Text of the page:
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ξυνίημι (“ι^”): as Ar. Av. 946 begins a trimeter with “ξυνίημ᾽ ὅτι βούλει”. The initial “ι” of “ἵημι” is properly long in pres. (and impf.) indic., imper., infin., and partic. This is the regular quantity in Attic: cp. 596. In Homeric verse the pres. indic. and imper., and the pres. part., (act. and midd.,) have “ι_” in arsis (and once, even in thesis, Il. 12. 274ἀλλὰ πρόσωἵεσθε”): but “ι^” in thesis, as when “ἵενται” closes a verse. The impf., too, has “ι^” in thesis, as Il. 1. 479(“ἵει”). The Tragoedians, following epic precedent, sometimes shorten “ι” in these parts of “ἵημι”: thus “ἵησιν” (“ι^”) in lyrics, Aesch. Th. 310.But it is noteworthy that in tragic dialogue the examples of “ι^” seem to be confined to the pres. part.; thus Aesch. Th. 493ἱέντα”: Eur. Hec. 338 and I. A. 1101 “ἱεῖσα”: I. T. 298 “ἱείς”.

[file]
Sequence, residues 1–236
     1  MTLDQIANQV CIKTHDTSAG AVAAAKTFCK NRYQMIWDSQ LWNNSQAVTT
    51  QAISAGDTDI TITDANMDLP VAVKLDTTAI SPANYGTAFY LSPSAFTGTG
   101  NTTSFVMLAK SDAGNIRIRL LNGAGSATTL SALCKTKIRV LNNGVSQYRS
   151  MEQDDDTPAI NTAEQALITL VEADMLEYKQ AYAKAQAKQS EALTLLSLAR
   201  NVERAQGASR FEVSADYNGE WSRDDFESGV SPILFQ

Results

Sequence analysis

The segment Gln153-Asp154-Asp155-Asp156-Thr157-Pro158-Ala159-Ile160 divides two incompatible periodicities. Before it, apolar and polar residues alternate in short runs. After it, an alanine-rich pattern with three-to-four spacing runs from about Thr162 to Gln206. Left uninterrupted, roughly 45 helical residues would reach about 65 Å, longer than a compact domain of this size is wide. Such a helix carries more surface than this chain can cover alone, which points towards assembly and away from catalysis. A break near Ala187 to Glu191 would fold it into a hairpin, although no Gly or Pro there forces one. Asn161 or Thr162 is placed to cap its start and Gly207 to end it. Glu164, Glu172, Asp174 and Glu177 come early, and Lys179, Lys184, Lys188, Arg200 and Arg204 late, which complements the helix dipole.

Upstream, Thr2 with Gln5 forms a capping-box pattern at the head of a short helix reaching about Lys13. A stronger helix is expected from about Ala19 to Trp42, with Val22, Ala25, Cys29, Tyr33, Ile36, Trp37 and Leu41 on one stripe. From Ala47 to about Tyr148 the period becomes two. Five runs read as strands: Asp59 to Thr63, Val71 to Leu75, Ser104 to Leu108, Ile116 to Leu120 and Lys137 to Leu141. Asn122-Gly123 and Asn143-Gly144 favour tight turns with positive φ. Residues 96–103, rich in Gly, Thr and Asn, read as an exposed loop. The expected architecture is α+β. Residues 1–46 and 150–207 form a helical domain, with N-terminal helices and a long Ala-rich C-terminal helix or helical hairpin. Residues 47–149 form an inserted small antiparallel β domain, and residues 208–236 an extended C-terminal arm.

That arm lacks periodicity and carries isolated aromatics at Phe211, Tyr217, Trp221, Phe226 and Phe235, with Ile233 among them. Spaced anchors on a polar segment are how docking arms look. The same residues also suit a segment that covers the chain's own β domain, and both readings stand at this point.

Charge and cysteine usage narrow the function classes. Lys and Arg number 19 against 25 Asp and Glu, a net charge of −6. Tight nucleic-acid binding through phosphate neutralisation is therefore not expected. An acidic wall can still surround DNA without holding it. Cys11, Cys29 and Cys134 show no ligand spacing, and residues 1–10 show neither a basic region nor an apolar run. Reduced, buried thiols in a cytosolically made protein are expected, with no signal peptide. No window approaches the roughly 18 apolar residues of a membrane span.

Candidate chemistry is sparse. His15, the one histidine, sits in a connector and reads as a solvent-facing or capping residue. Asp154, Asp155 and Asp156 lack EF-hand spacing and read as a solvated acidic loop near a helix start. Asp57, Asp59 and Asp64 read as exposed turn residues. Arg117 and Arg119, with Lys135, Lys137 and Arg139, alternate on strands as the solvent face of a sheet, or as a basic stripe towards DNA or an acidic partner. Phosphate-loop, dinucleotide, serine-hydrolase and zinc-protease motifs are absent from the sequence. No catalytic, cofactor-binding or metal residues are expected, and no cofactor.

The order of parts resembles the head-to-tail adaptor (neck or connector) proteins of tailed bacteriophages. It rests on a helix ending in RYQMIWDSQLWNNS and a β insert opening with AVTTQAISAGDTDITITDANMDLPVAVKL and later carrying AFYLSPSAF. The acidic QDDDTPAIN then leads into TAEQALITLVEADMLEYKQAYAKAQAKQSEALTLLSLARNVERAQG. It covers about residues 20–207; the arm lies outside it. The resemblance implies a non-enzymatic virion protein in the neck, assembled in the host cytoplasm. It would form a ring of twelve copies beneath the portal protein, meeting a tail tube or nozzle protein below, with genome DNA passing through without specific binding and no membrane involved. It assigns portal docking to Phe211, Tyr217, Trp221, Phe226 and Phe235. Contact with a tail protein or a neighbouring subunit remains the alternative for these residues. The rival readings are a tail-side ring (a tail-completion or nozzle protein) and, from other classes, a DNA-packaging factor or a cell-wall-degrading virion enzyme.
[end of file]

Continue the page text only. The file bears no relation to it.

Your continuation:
τάδ̓: your kindly purpose.

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hide References (7 total)
  • Commentary references from this page (7):
    • Aeschylus, Seven Against Thebes, 310
    • Aeschylus, Seven Against Thebes, 493
    • Aristophanes, Birds, 946
    • Euripides, Hecuba, 338
    • Homer, Iliad, 12.274
    • Homer, Iliad, 1.479
    • Sophocles, Electra, 596
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